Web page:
Just what are those kids doing? You've seen them on the street, in the supermarket, a friend's home, maybe even your own kid is doing it.
keep on spinning
"It" is a clanging Gyro-Ring. More than 1 million sold last year in New Zealand and Australia; 12,000 sold on Maui alone.
Each 91/2-to 11-inch metal ring holds five smaller discs. Once you strike up the smaller discs, then begin turning the ring slowly toward you, the discs perform like gyroscopic tops, spinning around the large ring at up to 1,000 rpms.
The challenge is to keep all the discs spinning while performing tricks.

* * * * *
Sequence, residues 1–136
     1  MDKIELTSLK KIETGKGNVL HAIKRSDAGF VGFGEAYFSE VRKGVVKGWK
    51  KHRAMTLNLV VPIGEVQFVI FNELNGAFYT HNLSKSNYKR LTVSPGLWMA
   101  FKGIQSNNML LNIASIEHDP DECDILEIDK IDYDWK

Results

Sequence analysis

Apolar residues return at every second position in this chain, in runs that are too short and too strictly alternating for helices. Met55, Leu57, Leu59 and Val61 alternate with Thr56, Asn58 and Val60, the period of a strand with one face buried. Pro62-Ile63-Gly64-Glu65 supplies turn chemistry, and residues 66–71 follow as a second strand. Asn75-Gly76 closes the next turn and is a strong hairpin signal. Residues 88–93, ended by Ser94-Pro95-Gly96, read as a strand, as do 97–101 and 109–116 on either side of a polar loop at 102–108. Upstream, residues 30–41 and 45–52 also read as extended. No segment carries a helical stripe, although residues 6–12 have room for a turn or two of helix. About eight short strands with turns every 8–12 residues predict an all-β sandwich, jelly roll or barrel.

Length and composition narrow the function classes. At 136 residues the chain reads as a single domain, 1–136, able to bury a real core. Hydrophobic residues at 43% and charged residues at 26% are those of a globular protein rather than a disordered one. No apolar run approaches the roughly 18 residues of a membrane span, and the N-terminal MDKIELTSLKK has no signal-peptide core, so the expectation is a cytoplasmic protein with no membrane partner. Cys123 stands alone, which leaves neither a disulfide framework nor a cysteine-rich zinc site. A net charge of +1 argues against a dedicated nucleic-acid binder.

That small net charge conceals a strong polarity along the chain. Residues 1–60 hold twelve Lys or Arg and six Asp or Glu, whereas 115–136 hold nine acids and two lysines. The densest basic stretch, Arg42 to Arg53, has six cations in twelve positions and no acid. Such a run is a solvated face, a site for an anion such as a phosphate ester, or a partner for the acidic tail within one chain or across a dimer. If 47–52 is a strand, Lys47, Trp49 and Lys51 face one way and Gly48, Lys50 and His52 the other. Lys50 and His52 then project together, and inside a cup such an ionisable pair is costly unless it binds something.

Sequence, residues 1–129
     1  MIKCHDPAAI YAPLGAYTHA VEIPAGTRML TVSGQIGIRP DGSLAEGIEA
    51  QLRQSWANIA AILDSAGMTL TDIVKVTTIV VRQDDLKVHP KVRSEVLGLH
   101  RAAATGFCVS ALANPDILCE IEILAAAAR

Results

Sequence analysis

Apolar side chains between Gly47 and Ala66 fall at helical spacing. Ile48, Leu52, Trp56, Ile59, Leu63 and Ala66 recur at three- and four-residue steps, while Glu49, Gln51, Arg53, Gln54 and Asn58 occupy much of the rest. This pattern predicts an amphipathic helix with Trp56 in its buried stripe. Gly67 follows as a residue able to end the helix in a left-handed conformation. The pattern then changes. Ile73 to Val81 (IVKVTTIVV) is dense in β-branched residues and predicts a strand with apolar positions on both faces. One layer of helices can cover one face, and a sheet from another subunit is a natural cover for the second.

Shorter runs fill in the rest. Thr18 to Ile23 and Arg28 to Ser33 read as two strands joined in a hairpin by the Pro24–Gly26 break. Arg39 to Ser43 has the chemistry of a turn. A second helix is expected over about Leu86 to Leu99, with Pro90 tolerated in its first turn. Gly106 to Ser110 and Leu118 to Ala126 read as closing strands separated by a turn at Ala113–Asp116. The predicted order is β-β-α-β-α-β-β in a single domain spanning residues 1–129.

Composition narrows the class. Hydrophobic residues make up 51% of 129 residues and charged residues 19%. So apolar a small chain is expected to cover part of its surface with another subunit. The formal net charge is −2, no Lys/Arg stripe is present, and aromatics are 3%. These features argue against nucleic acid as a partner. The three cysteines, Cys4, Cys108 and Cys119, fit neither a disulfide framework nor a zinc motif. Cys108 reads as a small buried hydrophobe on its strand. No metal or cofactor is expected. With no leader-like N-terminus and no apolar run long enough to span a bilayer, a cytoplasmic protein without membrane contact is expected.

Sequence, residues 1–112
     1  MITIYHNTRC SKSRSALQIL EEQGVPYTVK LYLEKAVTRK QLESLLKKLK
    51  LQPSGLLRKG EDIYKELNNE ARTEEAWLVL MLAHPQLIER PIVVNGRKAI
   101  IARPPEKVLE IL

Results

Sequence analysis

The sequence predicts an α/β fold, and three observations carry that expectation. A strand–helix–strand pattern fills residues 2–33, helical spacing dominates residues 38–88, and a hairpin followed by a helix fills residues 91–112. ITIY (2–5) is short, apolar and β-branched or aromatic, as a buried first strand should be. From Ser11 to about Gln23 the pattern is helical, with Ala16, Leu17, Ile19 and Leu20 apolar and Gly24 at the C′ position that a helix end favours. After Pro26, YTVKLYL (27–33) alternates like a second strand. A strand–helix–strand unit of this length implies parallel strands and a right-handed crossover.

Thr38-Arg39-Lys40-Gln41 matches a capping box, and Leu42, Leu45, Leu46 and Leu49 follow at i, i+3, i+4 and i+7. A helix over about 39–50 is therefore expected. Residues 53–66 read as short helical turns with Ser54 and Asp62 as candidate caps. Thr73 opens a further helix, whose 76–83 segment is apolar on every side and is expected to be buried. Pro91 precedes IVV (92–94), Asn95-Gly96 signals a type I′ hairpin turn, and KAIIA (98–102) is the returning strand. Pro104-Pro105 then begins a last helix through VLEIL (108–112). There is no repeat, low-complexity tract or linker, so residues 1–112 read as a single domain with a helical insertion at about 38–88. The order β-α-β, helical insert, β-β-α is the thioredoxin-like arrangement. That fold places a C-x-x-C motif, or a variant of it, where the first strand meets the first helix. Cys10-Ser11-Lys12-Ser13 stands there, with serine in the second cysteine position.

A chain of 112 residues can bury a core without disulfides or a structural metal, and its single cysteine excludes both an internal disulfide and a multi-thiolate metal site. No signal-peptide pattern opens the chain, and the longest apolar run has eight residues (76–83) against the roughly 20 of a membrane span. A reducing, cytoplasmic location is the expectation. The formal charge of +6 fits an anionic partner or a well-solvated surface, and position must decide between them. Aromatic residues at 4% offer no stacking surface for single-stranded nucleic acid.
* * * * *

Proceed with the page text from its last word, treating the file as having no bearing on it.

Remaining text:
The colorful beginner model is the Gyro-Ring, $13.95. But there are competition models as well: the Chatter-Ring, Turbo-Ring, the rare Zinger-Ring, $19.95, and Pro-Ring, $21.95. The Pro-Ring comes in a variety of colors: gold, silver, copper, blue and black.
Here's how you do it: Hold the metal ring in either hand. Using the other hand with palm open, strike the discs with a sharp upward or downward movement to get them spinning. Then quickly use both hands to smoothly rotate the large metal ring toward you. The discs should continue to spin as long as you rotate the large ring.
Special Gyro-Ring maneuvers include Roller Coaster, Climb the Ladder and Over the Falls.
Gyro-Rings are distributed in Hawaii by SMP Enterprises Inc., 487-1129. They are available at Kite Fantasy, Liberty House, Ben Franklin Crafts, Wonder Joy Toys at Aloha Marketplace, the Hobby Company and other stores.
By Tim Ryan, Star-Bulletin